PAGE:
7 exercise habits that will boost your energy

Find activities you enjoy and that fit in with your lifestyle

1. Walk whenever and wherever possible

Remember that the average office worker's week is 85% inactive, so walk whenever and wherever possible (e.g. get off the train, bus, or Tube a couple of stops early to give yourself a good 30-minute walk to work three mornings a week, take the stairs at work and always walk up the escalators).

2. Find the exercise you love

Find something active you enjoy that fits your lifestyle and aim to do this 2–3 times per week. The golden rule with exercise is consistency—if you don't like the exercise you have chosen and it doesn't fit your lifestyle, you just won't keep it up.

3. Morning exercise is best

Morning exercise is best for energy and burning calories, and people who exercise in the morning are always more consistent exercisers. Why? Because, more things can get in the way of your plans to exercise at lunchtime or in the evenings. So do 20–60 minutes of exercise at least three mornings per week—it doesn't matter what you do, as long as you're moving.

4. A balanced exercise programme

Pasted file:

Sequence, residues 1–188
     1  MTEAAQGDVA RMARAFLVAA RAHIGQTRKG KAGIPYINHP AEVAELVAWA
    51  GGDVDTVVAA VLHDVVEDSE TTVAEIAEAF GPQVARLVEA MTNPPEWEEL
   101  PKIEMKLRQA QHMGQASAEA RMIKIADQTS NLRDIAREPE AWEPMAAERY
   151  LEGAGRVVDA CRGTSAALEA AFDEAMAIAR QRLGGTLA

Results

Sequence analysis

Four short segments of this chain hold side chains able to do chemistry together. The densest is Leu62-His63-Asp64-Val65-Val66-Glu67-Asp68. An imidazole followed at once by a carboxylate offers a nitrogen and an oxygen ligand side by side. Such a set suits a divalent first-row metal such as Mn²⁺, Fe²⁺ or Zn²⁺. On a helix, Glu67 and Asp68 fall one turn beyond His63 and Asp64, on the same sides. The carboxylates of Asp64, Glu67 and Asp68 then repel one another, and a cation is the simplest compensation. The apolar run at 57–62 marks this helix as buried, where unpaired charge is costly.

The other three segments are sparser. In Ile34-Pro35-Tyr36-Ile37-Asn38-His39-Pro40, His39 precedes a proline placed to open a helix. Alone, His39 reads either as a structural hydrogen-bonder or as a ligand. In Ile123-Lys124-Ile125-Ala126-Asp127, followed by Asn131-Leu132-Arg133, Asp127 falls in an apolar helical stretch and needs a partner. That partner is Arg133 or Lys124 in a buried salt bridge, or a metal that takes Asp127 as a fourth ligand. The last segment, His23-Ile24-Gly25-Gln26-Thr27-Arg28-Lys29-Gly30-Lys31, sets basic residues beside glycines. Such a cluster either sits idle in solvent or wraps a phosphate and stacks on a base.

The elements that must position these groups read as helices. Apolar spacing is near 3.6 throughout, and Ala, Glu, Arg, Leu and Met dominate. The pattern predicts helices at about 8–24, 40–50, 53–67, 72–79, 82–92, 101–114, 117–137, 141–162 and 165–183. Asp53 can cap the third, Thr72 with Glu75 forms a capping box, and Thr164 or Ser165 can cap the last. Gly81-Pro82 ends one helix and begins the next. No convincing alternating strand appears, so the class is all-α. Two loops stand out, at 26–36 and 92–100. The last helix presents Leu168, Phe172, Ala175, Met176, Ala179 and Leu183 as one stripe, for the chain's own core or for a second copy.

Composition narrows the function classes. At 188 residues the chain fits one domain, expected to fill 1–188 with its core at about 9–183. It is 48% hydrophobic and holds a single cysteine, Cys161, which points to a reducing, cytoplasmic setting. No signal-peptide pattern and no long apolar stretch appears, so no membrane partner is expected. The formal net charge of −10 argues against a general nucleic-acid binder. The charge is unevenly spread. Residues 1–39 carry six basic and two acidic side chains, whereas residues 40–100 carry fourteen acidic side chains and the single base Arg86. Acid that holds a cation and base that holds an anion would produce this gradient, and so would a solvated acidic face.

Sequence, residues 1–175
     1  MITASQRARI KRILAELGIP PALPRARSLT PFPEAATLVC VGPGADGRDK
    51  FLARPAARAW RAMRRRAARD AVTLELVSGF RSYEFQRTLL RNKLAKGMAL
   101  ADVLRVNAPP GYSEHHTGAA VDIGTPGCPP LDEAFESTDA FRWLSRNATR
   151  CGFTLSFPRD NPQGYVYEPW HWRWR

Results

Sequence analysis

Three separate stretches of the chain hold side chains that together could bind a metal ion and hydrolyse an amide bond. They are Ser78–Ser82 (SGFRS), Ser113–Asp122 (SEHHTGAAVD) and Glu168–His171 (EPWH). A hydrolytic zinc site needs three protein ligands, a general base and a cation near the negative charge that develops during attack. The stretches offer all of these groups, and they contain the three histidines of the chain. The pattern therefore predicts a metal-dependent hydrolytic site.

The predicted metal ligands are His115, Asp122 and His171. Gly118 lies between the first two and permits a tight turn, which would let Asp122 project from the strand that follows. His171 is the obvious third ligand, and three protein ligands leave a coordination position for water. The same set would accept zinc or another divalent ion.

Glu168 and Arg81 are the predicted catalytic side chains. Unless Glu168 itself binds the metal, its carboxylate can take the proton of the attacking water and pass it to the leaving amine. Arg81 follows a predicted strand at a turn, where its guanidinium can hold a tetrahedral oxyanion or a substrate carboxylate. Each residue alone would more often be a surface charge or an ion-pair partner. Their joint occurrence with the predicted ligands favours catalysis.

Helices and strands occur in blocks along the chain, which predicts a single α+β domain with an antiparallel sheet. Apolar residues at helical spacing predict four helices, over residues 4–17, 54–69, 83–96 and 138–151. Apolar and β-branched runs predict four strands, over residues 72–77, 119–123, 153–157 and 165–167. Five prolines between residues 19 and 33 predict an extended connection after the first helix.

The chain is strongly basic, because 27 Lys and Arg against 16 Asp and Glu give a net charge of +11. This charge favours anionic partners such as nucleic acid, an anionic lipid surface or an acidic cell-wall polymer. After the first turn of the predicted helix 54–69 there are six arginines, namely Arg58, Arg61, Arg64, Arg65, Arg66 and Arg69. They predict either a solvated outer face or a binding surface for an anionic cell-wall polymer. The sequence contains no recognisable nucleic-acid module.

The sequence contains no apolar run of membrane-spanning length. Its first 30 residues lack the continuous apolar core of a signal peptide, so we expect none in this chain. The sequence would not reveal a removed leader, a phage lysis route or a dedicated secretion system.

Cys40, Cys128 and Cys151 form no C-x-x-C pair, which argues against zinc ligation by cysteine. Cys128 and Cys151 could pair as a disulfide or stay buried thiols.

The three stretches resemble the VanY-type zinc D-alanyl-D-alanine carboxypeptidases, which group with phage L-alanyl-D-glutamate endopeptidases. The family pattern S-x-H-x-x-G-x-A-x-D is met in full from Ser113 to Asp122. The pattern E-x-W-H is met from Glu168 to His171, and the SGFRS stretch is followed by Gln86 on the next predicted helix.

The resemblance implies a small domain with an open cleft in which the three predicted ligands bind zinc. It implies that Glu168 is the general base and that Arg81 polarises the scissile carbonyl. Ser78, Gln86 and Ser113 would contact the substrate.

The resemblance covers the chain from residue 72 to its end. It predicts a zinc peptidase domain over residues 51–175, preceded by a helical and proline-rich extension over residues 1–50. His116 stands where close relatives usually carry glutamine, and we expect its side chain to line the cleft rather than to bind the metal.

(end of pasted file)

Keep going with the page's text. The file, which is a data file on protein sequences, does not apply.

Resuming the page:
Aim for a balanced exercise programme, combining resistance, cardiovascular and stretching exercise.

5. Having great energy makes exercise easier

Ensure you sleep well and follow good nutrition habits. This will ensure you have great energy for exercise; it will also aid your post-exercise recovery and maximise your results.

Inactive habits to avoid

  • Sitting at your computer for an hour or longer without movement
  • Spending longer at your computer than you need to (e.g. going home after a day's work and surfing the net or social media sites)
  • Spending evenings and weekends in front of the TV
  • Playing computer games
  • Driving everywhere. Avoid using your car for journeys that you could do in less than 30 minutes by foot. You'll get fitter, save money and help the environment all at the same time!

6. Challenge yourself

Exercise in your discomfort zone. This is not your comfort zone (e.g. sitting on a bike reading the newspaper), but nor is it your pain zone (e.g. pushing yourself so hard that it's really painful).

7. Motivate yourself with a goal

Set yourself a health and fitness goal, making it as specific as possible and setting yourself a deadline for achieving it. Share your goal with someone—this will help you to stick to it.

Excerpted with permission from Energise You by Oliver Gray; Published by Jaico Books

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